The EDSI Discovering Diversity Profile is a confidential and powerful tool that employees can use to explore their own attitudes through the following areas: knowledge, understanding, acceptance and behavior. The behavioral style assessment helps employees determine their own comfort level with others from different backgrounds and guides them to treat colleagues with respect, empathy and awareness.

How do you encourage diversity awareness in your organization?

Learn more about the Discovering Diversity Profile.

Posted by & filed under Work Life Balance.

If you are like many working people, it can seem like a constant juggling act to balance the demands of your work life and your home life. Your career is important to you, and you want to give your job 100 percent every day, but your personal life — family, friends, free time — is also a significant priority that you don’t want to neglect.

So how do you have it all without getting burnt out in the process? Focus your time and energy by making small, conscious decisions to improve your work-life balance.

1. Set hours (and try to stick to them).

Hardworking people in all different fields — from CEOs to self-employed entrepreneurs — can get caught in the trap of working too much and leaving little time for anything else. Do you find yourself checking your BlackBerry during dinner with friends or staying up late to work on reports after your kids go to bed? The hard truth is that there is almost always more work to be done, but you aren’t going to finish it all by slaving around the clock. Set reasonable hours and limits for yourself, and try to hold yourself accountable for them . For example, set a goal that you will leave the office in time for dinner with your family every night, and only allow yourself 45 minutes of “homework.”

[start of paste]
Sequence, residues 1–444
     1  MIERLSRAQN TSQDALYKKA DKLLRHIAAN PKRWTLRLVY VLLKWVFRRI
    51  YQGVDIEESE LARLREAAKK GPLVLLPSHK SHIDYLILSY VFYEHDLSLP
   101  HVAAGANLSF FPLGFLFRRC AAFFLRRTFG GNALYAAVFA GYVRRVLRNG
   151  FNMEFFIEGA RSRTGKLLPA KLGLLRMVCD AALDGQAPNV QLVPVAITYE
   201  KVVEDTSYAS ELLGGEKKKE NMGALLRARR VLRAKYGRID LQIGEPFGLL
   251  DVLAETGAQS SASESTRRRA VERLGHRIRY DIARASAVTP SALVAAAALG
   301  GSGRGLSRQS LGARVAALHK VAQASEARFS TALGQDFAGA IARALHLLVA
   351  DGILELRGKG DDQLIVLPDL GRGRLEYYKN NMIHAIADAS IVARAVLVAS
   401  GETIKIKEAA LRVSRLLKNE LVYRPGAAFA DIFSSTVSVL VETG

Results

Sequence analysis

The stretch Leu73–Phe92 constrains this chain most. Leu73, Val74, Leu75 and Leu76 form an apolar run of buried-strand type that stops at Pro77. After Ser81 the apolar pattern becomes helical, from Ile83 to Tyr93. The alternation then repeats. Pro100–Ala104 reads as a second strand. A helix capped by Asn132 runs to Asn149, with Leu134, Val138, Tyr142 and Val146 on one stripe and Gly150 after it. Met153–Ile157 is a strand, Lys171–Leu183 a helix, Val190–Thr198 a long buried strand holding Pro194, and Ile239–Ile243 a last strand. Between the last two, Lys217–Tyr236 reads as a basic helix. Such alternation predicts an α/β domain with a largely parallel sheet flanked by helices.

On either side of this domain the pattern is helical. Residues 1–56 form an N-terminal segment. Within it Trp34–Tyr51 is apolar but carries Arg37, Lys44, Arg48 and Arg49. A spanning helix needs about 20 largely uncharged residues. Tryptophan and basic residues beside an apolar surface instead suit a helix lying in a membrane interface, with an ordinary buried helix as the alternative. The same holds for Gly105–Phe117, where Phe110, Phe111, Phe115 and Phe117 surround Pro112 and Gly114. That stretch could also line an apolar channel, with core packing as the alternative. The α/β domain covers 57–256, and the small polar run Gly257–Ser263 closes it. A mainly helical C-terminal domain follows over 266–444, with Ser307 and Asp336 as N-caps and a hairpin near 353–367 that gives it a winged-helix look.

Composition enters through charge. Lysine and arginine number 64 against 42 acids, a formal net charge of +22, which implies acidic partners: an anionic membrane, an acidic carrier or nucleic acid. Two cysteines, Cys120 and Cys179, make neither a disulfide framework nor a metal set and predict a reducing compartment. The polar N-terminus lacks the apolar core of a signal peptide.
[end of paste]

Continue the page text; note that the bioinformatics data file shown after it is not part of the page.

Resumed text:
2. Make time for activities that bring you happiness.

How many times have you heard a friend or colleague say, “I used to love hiking (or playing golf, knitting, traveling, etc.), but I just don’t have time anymore”? Don’t wait until you retire to do the leisure activities that make you happy. Even if you have an extremely hectic schedule, set aside small blocks of time for relaxation and rejuvenation. Get up early so you have time to go jogging before work; leave the office early once a week so you can make it to your daughter’s soccer game; plan a Saturday trip to go fishing with friends. Recognize that finding a better work-life balance will make you more productive and energized when you are at work.

3. Cut the fat.

Take a hard look at how you spend your time. What activities don’t contribute much to your work or personal life? For example, do you procrastinate at work by spending too much time on social networking sites or online shopping? At home, do you watch hours of television you’re not that interested in? If you find yourself wasting too much time on activities that don’t enrich your life, gradually begin to cut back on them and using that time for more worthwhile pursuits. If you limit your social networking time to 15 minutes a day at work, you can focus on the project you need to finish and get out of the office on time. If you watch just one TV show a night, you can have more time to read and spend time with friends or family.

4. Sleep more.